But the most important difference is this: Horses in Europe race medication-free. There is no tolerance for pharmaceuticals on race day, and horses in training are routinely tested out of competition. A horse with a problem can be treated, but the drugs must be out of its system before a race.
What could America do to end the medication culture and make life a little more natural for the horse? Belinda Stronach, the head of the company that owns Santa Anita, tried her best by declaring a ban on race-day medication and was immediately shot down by trainers. Generations of trainers in America have never trained without medication, and most of them firmly believe it would be inhumane and cruel to the horses to try. So when Santa Anita resumes races on Friday, it will largely be business as usual.
What, then, can be done to save racing in America? Clearly, ripping up most tracks to build varied, European-style courses isn’t going to happen. But there are some doable solutions that could make the sport safer for horses.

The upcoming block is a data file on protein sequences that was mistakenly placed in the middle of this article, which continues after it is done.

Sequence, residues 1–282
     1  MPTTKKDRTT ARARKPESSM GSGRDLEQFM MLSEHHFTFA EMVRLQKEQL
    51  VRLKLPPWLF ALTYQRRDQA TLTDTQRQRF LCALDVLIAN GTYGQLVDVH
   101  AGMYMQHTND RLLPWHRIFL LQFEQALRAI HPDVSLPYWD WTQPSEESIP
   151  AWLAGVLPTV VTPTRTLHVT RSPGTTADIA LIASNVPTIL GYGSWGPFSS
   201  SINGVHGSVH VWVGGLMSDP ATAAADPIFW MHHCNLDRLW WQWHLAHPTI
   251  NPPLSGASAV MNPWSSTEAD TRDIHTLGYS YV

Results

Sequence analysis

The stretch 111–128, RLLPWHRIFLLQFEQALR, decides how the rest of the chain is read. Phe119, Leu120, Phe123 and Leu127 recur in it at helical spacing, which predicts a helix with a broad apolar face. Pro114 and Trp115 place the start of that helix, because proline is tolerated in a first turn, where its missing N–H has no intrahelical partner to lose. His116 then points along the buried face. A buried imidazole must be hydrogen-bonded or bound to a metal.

First, get rid of individual state authority over racing and get a national governing body that lays down the rules and does the drug testing across the country. A bill just introduced in Congress would be a first step toward nationwide governance for the sport.
Second, alternate directions for training horses so that they gallop both clockwise and counterclockwise. Consistent drilling of horses around a tight turn in the same direction is asking for trouble.
Third, add more races at longer distances to racing programs, decreasing the emphasis on all-out sprints.
Fourth, replace dirt surfaces with synthetics for racing, but keep a natural dirt surface available for training.
These four steps would set up an environment for the most important step of all to be possible: the elimination of all race-day medication, including Lasix.
If racing in America can’t take these steps and end strings of fatalities like the one at Santa Anita, the animal-rights activists will shut the sport down, ultimately condemning the horses they want to protect to, at best, a forced retirement. What they don’t realize is that without a job to do, the racehorse will become nothing more than a fantasy character in children’s books.